Recovery In The Global Economy

The three major developed countries, the United States, Europe and Japan still trapped inside the forest. Signals are positive in the medium term, but there are many negative indicators that make us cautious at the moment. After the Great Depression that began in 2008, and signs of recovery that followed it, we have seen that, for various reasons, the speed of this recovery is decreasing.

The latest data indicate that both the U.S. and the European Union may be growing at a rate lower than initially expected. To this we must add the negative impact on Japan of the economic impact of the earthquake and what it will mean slower growth in the short term for the country. The data of unemployment have been American and some European countries also indicate that these economies are not generating new jobs, which consequently affect consumption in the coming months. Finally, note the negative effect that has been the rise of oil and energy products that reduce the disposable income of consumers over time.

However, not all negative news. Developing countries continue to grow at high rates, and risk in them is of an inflationary spiral that can truncate the process is sustainable. That is why we are living increases in interest rates in most European peripherals and major emerging economies, including China and India.

In the first week of May have seen a significant cut in the price of raw materials by expectations of an economic slowdown. Is a positive, as able to keep inflation under control throughout the year and interest rates remain low in the West, helping economic recovery. This does not mean we have finished the macro-cycle of rising commodity that we must follow a few years supported by the substantial growth of the BRICSs (apparently South Africa was added to the group) and new players such as Indonesia, Turkey, Colombia and Peru.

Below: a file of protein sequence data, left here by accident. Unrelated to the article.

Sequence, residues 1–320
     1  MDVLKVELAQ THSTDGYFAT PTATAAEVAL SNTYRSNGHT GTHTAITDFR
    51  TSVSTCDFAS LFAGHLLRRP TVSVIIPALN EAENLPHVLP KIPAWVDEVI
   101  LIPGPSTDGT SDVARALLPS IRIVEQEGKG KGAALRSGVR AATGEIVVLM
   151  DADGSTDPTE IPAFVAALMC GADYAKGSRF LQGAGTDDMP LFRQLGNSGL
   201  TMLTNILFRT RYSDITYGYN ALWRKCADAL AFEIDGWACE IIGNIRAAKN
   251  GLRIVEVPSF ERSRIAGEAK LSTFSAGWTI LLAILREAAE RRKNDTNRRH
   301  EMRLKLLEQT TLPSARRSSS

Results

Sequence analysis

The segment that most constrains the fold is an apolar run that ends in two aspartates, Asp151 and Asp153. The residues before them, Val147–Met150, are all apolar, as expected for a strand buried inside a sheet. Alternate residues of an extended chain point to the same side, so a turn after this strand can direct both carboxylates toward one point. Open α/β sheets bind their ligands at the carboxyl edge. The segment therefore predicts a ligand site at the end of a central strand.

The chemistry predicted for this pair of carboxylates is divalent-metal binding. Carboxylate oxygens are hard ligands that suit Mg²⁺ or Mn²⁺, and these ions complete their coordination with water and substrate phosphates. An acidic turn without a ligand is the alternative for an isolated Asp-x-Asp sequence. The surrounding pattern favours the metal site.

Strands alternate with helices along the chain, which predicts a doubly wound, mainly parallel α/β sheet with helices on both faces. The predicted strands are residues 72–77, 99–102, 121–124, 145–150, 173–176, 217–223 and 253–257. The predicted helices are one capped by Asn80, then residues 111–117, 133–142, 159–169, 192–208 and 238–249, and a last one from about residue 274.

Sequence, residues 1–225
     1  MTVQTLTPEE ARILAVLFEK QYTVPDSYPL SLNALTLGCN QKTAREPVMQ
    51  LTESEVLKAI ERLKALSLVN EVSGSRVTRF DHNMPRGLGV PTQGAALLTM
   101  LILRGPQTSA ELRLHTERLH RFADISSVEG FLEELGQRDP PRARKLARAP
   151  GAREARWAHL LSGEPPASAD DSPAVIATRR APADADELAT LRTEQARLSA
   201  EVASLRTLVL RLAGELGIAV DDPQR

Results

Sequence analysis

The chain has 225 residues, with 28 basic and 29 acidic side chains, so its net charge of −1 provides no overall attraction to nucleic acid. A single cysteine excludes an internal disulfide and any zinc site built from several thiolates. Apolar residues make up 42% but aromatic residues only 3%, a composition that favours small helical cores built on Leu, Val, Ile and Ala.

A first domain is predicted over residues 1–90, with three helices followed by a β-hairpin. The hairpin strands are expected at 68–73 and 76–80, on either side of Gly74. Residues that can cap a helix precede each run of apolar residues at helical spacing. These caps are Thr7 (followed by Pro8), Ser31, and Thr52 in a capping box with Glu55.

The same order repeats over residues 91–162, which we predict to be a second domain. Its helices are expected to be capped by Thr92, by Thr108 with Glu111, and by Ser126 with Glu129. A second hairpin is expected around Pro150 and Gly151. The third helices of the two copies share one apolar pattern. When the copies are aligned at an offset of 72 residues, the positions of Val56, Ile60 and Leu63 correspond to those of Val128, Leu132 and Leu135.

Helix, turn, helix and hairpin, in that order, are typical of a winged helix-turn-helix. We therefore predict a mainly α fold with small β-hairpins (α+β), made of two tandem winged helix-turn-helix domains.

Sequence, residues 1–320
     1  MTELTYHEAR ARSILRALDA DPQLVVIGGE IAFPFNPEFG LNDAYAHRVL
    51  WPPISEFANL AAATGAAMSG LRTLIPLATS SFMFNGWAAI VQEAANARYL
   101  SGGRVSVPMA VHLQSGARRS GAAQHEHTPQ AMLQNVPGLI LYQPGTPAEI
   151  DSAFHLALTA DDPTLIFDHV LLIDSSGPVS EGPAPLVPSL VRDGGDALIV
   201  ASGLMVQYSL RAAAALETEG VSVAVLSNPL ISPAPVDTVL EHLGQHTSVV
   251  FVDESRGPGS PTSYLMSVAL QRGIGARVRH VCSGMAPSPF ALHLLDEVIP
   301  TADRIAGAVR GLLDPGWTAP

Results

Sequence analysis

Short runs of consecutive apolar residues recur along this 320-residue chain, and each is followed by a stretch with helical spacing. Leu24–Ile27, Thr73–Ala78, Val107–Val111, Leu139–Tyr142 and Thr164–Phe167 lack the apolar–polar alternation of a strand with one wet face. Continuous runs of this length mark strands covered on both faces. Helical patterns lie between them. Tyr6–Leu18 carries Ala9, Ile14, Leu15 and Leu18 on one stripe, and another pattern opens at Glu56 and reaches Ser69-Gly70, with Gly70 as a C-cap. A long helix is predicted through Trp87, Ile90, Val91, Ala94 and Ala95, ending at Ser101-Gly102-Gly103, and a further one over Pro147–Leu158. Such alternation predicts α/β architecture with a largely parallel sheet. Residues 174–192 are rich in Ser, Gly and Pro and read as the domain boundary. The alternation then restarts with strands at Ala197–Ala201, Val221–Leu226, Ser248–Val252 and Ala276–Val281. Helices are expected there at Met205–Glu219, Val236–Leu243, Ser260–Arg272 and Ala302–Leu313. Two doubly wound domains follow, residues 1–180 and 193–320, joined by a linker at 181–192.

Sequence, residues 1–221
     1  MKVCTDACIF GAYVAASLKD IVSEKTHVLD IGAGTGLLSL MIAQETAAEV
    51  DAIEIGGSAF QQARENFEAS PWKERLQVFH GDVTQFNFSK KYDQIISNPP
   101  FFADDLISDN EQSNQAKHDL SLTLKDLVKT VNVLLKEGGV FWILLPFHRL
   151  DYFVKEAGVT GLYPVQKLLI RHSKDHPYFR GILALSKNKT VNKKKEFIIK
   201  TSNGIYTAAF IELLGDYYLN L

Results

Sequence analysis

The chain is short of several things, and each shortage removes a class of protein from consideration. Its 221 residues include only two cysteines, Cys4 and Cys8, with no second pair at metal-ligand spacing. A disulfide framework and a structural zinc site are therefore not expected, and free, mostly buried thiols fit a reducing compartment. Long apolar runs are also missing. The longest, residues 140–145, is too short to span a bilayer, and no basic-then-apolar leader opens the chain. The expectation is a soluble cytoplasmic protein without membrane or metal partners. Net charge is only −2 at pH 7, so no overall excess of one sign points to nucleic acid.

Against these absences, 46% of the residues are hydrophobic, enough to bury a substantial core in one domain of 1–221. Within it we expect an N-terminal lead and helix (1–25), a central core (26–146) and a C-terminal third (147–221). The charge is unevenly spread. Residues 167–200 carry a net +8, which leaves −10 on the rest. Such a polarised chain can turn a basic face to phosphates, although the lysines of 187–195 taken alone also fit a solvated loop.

After all this, where are we now? The short answer is very difficult to give and the main factors to consider are the following: first, there is still a lot of liquidity in the system, supported by one hand, injections of money in Japan and on the other, reinvestment of bonds held by the U.S. Federal Reserve, according expires at the end of June its plan called QE2. Second, global economic growth will be slower but we will not enter a new period of recession. The risk of relapse is practically non-existent crisis. Third, although there are high chances of price increases over time, the inflationary process we see it postponed a few months in developed countries. However, not so much in Asia and Latin America, other regions may see price hikes that jeopardize economic stability. Fourth, the status of the peripheral countries of Europe remains very worrying. The situation of restructuring payments of Greece is no longer a question but a question of time. What may come after it, no one knows, and which was not included in the initial program of the Union.

Finally, the geopolitical risk remains very high throughout the world. The existing arsenal in the Middle East do not know what are the dimensions and, above all, if you can disable either positive or if it will explode. The consequences of how to handle the situation in the region are unpredictable, as if they affect Saudi Arabia and Iran, we could see oil prices at $ 200 a barrel, and thus slow global economic recovery.

In financial markets expect increased volatility in the coming months, though, because of the slight economic slowdown in developed countries, the risk of being in debt is somehow controlled, but within relatively short durations. And considering that the business situation is much better than countries will remain significant opportunities in stock markets in the long term, as long as they buy in times of shock, and in the right proportions to each person .